b'HDR\x00\x03\x00\x00\x00\xff\x00\x00\x00raesent blandit odio eu enim. Pellentesque sed dui ut augue blandit sodales. Vestibulum ante ipsum primis in faucibus orci luctus et ultrices posuere cubilia Curae; Aliquam nibh. Mauris ac mauris sed pede pellen'
b'HDR\x00\x04\x00\x00\x00\xff\x00\x00\x00tesque fermentum. Maecenas adipiscing ante non diam sodales hendrerit. Ut velit mauris, egestas sed, gravida nec, ornare ut, mi. Aenean ut orci vel massa suscipit pulvinar. Nulla sollicitudin. Fusce varius, ligu'
b'HDR\x00\x02\x00\x00\x00\xff\x00\x00\x00. Duis semper. Duis arcu massa, scelerisque vitae, consequat in, pretium a, enim. Pellentesque congue. Ut in risus volutpat libero pharetra tempor. Cras vestibulum bibendum augue. Praesent egestas leo in pede. P'
b'HDR\x00\x01\x00\x00\x00\xff\x00\x00\x00 sed, dolor. Cras elementum ultrices diam. Maecenas ligula massa, varius a, semper congue, euismod non, mi. Proin porttitor, orci nec nonummy molestie, enim est eleifend mi, non fermentum diam nisl sit amet erat'

Hehe, looks like a good first step in the right direction ! The text frames are all individually perfectly readable, but they do not match when put all on the same line. But, remember the challenge description ? "you therefore expect the communication protocol to be at least robust and resilient to [...] frame desynchronization!"

Every frame starts with the HDR magic bytes, and then 9 bytes. If we go through every frame, we can see that not much changes between there headers, except the 2nd and 3rd bytes, which roughly grow along with each frame. One reasonable guess would be that this is the ID of the frame, and this guess is confirmed by the readable text, which suddenly makes perfect (latin) sense when the frames are ordered this way. One more reasonable guess would be that the \xff byte represents length. And one meta-guess would be that the full format of the header is actually :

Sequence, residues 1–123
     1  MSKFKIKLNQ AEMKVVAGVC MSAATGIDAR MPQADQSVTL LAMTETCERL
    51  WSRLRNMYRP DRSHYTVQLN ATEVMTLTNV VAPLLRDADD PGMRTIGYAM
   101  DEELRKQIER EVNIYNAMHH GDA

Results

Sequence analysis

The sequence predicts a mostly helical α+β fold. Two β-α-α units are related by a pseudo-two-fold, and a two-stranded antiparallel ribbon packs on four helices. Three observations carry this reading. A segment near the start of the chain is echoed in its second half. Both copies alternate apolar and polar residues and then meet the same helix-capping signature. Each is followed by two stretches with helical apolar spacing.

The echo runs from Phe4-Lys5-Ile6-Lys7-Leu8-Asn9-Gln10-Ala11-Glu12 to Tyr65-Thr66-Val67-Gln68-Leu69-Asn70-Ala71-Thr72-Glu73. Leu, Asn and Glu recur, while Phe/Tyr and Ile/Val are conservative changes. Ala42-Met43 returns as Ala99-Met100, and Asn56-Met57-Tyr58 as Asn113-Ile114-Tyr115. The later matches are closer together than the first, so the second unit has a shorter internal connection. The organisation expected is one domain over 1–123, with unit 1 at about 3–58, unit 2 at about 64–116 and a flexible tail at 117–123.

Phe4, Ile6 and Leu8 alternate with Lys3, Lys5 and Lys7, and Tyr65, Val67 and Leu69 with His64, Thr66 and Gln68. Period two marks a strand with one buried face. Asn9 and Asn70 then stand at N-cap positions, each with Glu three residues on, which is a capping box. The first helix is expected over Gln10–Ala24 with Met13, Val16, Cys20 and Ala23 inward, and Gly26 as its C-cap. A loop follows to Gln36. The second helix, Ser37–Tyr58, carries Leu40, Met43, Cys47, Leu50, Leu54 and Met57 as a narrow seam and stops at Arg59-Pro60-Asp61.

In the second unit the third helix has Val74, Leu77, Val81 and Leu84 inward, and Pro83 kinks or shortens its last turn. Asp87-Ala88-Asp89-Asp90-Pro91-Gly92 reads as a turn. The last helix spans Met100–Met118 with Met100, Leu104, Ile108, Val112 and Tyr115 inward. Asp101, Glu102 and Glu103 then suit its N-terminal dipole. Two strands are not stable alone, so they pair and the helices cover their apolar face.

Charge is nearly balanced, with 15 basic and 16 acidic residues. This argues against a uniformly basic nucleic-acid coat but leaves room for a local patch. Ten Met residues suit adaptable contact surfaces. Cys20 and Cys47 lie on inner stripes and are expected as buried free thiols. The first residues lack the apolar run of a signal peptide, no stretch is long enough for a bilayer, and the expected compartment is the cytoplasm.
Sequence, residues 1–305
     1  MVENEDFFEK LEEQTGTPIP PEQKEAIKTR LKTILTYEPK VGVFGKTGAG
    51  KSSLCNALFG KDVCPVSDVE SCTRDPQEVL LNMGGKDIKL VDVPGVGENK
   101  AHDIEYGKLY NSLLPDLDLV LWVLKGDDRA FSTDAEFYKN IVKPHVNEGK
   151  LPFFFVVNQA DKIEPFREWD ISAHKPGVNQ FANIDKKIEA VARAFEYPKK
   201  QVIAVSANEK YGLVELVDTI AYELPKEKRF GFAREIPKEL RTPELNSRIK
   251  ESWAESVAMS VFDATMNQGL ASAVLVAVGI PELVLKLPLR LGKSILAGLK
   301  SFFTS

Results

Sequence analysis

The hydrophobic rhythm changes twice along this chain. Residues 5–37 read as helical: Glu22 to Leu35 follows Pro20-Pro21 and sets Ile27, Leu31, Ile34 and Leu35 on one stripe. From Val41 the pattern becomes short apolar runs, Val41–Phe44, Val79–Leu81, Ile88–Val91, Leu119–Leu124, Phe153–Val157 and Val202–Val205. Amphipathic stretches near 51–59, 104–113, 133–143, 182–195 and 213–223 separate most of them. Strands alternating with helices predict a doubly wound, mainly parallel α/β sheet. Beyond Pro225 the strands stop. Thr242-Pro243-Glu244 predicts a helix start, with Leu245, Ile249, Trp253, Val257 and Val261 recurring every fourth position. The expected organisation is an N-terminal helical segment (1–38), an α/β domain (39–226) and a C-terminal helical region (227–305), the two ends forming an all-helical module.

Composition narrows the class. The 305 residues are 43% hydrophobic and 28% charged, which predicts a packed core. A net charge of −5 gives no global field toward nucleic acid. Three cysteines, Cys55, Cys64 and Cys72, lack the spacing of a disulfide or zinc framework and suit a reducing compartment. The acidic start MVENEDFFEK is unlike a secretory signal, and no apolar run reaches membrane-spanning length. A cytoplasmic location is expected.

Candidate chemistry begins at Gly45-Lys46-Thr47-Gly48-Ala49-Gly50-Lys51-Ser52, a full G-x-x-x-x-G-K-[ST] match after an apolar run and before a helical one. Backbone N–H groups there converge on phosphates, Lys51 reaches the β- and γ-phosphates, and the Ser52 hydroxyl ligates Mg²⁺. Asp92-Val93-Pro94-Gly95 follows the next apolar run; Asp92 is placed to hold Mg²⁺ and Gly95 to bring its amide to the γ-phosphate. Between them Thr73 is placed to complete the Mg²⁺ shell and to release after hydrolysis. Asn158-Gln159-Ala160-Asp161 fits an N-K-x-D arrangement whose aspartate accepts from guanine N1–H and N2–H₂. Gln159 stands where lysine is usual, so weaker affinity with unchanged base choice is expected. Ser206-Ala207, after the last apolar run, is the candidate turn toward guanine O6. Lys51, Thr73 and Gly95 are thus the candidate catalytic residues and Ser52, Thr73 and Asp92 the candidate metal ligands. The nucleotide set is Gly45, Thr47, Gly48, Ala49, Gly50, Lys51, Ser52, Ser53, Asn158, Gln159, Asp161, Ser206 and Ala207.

HDR\x00 ( 4 bytes )  |  Frame ID  ( 4 bytes, little-endian )  |  Frame length ( 4 bytes, little-endian )

At this point, I would like to underline that while I used the word guess extensively in the previous paragraph, these are all reasonable assumptions which one might even call observations. I don't mean guess in the guessy CTF challenge way.

Putting the frames back together and dumping the extracted content, we get some Latin text, then a bunch of ASCII zeroes (to pad a frame), and then random-looking bytes. According to binwalk, these bytes represent a Bitmap (BMP) image, which we can extract using said tool.

The image extracted

We do as demanded, and the final flag is FCSC{8a65bcd7ad3f1dcec4f22106b636f86ec98a4e14fdb9b5b8de87fafdab11386f}